Surprised by Family by Noelle Adams and Stacey Joy Netzel



Whether it’s a surprise baby landing on his doorstep or six-year-old twin girls who make him rescue them from trees…there’s nothing more irresistible than a hot, alpha hero falling in love with a surprise family at the same time he finds the woman of his dreams.

This boxed set includes two steamy full-length contemporary romance novels about the sweet surprise of family by NYT and USA Today bestselling authors.

**Surprised by Family will be on sale for just $.99 for a limited time, beginning on April 13**


Blurb of “Revival” by Noelle Adams:

When she was a girl, Leila had an embarrassing crush on Baron James, her brother’s best friend. She’s grown up now, divorced with twin daughters and a new job as a college professor, and she needs to make good decisions. No matter how irresistible Baron is when he reenters her life, she won’t be a fool over him again.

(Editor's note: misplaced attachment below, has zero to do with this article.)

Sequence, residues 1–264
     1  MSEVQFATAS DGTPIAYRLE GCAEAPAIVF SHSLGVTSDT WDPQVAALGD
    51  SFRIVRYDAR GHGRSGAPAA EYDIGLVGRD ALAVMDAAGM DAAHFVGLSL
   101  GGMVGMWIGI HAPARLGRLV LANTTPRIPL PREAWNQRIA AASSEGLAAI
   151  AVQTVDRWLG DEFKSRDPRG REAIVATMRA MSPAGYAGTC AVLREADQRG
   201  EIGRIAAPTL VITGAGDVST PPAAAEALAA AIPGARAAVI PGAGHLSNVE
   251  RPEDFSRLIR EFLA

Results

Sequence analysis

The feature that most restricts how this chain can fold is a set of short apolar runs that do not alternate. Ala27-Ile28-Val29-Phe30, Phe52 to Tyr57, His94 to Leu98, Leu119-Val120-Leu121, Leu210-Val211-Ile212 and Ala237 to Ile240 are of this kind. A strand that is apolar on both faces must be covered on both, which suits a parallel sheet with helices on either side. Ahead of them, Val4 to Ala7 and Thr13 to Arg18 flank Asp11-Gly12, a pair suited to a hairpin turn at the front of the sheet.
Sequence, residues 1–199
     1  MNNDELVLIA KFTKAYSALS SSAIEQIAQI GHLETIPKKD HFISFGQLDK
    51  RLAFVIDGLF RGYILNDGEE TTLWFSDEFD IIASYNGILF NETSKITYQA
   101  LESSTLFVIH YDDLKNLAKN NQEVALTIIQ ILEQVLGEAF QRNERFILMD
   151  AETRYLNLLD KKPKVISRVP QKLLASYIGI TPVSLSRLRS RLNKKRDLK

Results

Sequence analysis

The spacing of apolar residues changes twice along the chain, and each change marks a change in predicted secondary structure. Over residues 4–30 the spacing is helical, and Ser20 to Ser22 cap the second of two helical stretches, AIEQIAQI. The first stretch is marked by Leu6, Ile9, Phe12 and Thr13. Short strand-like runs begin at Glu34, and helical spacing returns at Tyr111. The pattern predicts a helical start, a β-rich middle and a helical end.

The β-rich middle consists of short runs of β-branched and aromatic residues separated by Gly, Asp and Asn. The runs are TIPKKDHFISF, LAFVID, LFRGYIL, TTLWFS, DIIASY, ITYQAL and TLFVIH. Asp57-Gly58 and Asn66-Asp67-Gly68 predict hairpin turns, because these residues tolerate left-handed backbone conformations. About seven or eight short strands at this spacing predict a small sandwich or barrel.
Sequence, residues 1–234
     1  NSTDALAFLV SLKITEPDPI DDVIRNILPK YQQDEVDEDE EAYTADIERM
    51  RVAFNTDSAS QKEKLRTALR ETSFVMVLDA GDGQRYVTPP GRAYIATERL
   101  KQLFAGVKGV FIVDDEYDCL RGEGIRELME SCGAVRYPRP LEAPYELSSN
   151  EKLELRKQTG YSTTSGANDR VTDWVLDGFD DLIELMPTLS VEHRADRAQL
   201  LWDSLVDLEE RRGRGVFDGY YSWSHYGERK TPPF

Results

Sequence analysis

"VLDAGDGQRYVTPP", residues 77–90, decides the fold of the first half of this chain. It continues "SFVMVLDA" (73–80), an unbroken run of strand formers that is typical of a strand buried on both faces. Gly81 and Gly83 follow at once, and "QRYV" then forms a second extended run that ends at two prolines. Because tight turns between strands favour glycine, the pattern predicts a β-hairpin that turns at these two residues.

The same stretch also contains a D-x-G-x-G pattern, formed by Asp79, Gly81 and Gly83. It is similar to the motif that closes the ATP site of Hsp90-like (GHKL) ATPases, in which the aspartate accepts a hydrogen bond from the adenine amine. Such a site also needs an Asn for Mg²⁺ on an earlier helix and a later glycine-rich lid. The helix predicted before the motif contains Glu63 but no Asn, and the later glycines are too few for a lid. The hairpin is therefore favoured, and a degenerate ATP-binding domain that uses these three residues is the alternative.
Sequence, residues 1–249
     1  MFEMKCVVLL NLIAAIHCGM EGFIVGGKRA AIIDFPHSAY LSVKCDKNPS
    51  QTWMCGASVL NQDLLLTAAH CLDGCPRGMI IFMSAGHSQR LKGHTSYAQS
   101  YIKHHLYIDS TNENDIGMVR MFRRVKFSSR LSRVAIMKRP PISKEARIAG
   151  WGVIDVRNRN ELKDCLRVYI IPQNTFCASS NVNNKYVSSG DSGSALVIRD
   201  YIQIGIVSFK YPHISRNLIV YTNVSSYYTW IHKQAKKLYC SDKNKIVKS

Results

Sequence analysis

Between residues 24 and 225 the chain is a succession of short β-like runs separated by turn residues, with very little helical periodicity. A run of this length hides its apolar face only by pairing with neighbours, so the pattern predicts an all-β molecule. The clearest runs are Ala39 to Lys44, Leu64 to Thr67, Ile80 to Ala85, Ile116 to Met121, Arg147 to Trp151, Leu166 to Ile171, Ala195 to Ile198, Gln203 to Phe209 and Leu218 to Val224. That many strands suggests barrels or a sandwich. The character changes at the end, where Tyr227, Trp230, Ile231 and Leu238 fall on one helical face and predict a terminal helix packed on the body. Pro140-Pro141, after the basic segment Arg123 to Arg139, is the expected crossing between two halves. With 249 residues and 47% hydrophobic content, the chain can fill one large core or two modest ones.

Baron James has been a bad boy all his life, chasing women and seeking thrills, but he’s forced to take on leadership in his family’s company after his father dies. His new role takes everything he has, and he doesn’t have room in his heart to start a relationship with Leila and her daughters.

But his heart doesn’t seem to know this…


“Good afternoon,” a pleasant male voice said from the open doorway of her office. “Dr. Luther?”

Leila had been trying to fix her hair, and she twirled around too quickly, hating the thought of being caught primping. One of the files in her hand slipped open and several sheets of paper fell out. With a gurgle of frustration, she leaned over to pick them up, dropping the file in the process.